This is a discussion on Modern bike low price for Amateur Cafe Project within the Technical forums, part of the Caferacer.net Forums category; To be brutally honest, I don't think the OP has a clue what he really wants... I say, buy a bike you think is what ...
To be brutally honest, I don't think the OP has a clue what he really wants...
I say, buy a bike you think is what you want. Ride it to see what is important to you. Then make your mods.
What you think is great about a cafe racer now may not turn out the way you think.
I hope someone comes around that can say it better than I just did.
Last edited by jcw; 10-18-2018 at 09:54 PM.
it is very obvious that you want a bike that loooks just like what all the other sheeple have
handling and performance be dammed
cafe racers were not fast compared to todays sdandard and cruiser bikes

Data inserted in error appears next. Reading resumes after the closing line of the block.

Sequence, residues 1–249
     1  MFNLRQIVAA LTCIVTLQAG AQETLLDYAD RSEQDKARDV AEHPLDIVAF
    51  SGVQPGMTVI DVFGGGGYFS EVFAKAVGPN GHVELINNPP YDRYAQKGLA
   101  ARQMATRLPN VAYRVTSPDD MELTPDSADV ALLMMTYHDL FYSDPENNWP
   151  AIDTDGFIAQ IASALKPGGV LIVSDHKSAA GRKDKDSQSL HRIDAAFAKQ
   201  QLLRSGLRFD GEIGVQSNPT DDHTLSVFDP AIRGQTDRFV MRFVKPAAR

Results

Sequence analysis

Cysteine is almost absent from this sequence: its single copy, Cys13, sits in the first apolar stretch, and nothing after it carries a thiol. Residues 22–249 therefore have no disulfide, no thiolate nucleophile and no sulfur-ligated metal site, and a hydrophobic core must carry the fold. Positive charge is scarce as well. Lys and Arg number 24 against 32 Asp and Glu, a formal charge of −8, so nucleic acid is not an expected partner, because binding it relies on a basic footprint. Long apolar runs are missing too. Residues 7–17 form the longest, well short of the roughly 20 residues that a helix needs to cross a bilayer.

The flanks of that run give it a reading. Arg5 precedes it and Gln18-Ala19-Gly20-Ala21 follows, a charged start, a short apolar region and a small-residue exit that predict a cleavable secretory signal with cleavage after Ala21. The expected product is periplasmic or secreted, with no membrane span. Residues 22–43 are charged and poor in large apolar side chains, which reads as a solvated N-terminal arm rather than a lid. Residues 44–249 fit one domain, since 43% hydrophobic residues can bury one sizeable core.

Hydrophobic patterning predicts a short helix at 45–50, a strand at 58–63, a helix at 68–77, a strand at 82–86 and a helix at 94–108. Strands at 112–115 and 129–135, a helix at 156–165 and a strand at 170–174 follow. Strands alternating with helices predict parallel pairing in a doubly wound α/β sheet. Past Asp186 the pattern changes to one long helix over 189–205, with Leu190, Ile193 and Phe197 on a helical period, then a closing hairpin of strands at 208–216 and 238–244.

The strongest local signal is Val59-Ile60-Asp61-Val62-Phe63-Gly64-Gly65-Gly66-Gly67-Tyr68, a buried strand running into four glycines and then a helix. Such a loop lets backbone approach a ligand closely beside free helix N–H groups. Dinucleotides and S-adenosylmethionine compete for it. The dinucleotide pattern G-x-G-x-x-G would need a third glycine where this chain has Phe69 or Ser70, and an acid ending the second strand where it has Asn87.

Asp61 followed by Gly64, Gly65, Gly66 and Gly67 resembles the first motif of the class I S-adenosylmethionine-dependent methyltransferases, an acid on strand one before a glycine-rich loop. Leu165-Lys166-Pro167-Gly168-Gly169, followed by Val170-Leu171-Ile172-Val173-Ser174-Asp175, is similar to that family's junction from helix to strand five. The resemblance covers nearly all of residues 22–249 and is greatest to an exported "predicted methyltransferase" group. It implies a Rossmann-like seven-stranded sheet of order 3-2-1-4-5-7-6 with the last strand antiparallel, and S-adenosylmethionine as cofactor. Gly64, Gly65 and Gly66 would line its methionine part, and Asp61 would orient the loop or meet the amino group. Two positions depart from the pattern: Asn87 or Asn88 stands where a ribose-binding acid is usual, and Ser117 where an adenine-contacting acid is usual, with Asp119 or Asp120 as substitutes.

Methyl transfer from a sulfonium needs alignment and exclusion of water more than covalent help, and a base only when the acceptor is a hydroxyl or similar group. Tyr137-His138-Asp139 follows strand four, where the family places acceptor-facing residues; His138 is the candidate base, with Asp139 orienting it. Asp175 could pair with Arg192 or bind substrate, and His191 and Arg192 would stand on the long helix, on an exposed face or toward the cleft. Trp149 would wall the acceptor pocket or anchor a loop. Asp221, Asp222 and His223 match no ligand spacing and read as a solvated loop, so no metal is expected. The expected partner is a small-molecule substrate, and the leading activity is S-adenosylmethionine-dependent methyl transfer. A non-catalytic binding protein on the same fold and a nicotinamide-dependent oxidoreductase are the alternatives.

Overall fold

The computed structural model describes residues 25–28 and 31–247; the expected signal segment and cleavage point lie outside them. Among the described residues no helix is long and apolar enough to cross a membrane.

todays cafe racers are just sick abortions all of them bludgeoned into ther exact same look that some retarded moron came up with ..and speedily riding them is a death wish
what kind of riding will you do? and where? ar e you a typical american fat f^%Yk 6feet tall 3 feet wide and 240lbs ?
going fast is only relative to the nature of the road
would you consider yourself a beginner ,novice, intermediate or expert rider ?
do you gear up every ride ? do you ride in weather ?what kind of boots ,gloves and jacket/pants do you wear riding ?
do you always use front and rear brakes?
can you ride a wheelie? have you ridden dirt much ?
have you raced in any organized competition?
is your driving record clean ?
are you a blue or white collar worker ?
Last edited by XB33BSA; 10-18-2018 at 11:56 PM.